Owners and developers, when you are ready to submit plans for permits then please use our Address App
- Use the Verify an Address tab in the app below to verify that the property has an official E911 address.
- If you DON'T have an official E911 address, use the Request an Address tab to request a valid address.
- You must provide or upload a site plan showing the location of the building(s), driveway(s), adjacent lots.
- You must be the owner of the property or the developer representing the owner to request an address.
- If you are re-platting the property, the re-plat must have received final approval from the Planning Division of Development Services.
Click here to use the app
Click here for information on Addressing Standards
Click here for important details on the addressing process
Frequently asked questions about ADDRESSING
Why did my house number have to change?
Some addresses in the city were not compliant with the 911 addressing system as specified by The City of Johnson City and the Washington County Emergency Communications Board (E-911) when it was adopted in a 1987 Referendum. Dispatching for Johnson City by Washington County 911 started in Nov. 1988. Johnson City and E-911 are committed to correcting addresses that are non-compliant for public safety issues. Your address was recently identified as non-compliant and thus needs to be changed. Correct property addressing allows 911 call takers, dispatchers, and responders to locate emergencies as quickly as possible, perhaps saving a life.
What are some examples of non-compliance?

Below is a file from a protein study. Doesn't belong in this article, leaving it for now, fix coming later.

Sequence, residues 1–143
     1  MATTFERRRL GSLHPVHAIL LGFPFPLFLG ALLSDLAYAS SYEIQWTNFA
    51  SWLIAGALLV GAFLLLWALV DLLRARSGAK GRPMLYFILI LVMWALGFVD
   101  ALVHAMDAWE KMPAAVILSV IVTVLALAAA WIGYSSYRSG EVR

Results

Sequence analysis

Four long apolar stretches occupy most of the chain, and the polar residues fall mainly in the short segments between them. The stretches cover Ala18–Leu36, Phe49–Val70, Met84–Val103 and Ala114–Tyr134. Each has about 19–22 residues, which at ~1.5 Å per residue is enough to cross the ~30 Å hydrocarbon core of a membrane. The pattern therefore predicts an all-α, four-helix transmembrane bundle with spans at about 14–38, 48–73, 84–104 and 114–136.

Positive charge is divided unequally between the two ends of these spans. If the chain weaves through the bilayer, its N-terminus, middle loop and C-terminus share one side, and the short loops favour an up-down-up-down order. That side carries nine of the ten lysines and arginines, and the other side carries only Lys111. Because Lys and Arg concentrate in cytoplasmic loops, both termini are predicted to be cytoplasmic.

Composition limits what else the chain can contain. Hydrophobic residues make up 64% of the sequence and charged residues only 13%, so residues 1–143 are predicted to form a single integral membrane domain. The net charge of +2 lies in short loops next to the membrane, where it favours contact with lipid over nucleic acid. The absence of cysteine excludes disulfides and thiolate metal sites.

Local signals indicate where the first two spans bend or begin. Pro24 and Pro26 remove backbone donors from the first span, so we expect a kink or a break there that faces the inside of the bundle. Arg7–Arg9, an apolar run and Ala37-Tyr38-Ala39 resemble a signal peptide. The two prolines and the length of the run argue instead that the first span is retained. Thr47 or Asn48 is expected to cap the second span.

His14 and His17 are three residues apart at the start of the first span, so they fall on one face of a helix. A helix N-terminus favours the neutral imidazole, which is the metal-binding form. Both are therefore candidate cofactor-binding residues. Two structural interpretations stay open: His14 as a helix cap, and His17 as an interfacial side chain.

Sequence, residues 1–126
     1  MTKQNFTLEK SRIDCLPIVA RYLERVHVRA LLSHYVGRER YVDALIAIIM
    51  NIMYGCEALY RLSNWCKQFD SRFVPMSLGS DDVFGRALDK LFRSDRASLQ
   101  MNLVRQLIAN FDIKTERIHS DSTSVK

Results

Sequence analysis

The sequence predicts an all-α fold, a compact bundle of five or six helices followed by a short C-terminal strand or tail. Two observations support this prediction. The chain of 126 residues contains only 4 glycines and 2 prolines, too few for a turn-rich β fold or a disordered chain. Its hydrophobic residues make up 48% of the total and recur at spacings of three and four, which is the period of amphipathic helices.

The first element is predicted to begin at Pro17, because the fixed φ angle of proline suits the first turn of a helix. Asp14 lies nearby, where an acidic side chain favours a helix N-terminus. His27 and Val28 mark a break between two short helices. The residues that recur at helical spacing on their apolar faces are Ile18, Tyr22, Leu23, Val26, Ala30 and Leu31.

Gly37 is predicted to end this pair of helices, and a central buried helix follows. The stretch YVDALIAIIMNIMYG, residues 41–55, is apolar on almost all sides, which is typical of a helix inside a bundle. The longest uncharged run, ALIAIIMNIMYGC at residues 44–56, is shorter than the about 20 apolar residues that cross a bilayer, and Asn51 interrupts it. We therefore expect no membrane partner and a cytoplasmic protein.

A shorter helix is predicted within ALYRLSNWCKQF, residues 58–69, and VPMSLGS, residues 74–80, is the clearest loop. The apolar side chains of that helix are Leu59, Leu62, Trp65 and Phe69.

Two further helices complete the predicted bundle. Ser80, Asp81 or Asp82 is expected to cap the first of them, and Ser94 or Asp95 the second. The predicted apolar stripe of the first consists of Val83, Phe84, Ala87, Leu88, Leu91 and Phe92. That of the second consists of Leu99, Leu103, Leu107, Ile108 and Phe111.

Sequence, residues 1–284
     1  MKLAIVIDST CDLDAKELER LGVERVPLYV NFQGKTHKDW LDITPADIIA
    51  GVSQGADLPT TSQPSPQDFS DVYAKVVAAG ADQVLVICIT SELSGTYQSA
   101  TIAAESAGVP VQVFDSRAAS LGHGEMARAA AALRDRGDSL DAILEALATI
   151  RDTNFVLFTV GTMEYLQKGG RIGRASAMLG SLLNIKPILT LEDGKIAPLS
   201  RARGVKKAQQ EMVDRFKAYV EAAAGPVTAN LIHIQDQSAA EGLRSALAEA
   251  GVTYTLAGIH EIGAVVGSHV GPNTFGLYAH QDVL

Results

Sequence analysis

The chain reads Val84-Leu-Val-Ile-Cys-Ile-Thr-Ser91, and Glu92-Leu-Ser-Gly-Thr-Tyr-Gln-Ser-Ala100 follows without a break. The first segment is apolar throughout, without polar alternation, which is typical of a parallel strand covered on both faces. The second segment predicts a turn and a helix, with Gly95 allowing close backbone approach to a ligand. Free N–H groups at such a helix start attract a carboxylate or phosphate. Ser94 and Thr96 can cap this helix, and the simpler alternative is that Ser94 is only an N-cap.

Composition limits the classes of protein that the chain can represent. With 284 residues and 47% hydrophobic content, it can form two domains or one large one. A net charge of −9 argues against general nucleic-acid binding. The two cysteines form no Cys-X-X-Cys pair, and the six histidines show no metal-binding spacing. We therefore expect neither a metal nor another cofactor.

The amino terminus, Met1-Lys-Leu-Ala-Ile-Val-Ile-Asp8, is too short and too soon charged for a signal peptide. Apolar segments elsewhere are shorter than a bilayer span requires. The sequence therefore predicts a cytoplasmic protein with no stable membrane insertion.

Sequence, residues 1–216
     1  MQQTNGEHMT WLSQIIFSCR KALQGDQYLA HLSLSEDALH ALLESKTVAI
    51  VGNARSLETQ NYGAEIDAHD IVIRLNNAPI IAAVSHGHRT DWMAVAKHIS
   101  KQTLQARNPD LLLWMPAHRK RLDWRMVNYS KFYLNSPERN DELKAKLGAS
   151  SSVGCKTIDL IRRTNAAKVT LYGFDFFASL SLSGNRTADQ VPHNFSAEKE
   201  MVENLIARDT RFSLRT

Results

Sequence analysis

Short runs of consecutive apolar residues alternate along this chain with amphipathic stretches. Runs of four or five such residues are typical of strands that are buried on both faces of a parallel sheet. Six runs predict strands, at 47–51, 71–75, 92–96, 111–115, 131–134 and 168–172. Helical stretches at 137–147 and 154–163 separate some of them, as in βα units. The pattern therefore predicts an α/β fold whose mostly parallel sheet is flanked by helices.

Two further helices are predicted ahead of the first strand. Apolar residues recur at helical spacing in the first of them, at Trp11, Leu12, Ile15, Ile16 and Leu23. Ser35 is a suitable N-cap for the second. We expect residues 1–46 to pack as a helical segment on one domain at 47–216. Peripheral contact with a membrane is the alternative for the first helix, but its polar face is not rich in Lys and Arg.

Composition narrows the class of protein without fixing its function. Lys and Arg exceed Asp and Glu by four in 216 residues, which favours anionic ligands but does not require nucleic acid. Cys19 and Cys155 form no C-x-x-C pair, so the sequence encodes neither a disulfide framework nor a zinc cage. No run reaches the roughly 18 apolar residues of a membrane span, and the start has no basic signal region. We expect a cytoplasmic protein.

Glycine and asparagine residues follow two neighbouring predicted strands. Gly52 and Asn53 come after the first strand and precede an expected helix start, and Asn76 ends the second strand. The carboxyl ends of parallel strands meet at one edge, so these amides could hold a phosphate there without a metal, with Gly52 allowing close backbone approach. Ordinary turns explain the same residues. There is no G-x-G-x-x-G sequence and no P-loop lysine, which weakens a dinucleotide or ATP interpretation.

Simplified, the main standards are as the address increases, even numbers are on the right side of the road, and odd numbers on the left. Addresses must increase in order along the street. No duplication of addresses can occur. A new address is assigned every 5.28 ft for new subdivisions.
Does Johnson City have other options?
Yes. 1) Do nothing – leave all the incorrect addresses as they are. This places citizens at risk because emergency response vehicles might be unable to find them in an emergency. 2) All addresses within Johnson City could have been changed in 1987 to a standard 5-digit number assigned by E-911. With this option, every address in the city would have changed, but this was neither practical, desired, nor necessary. Johnson City and E-911 chose instead to fix only those addresses that were found to be non-compliant. Johnson City and E-911 recognize that this may cause an inconvenience to those property owners/tenants who have to change their addresses.
How was my new house number chosen?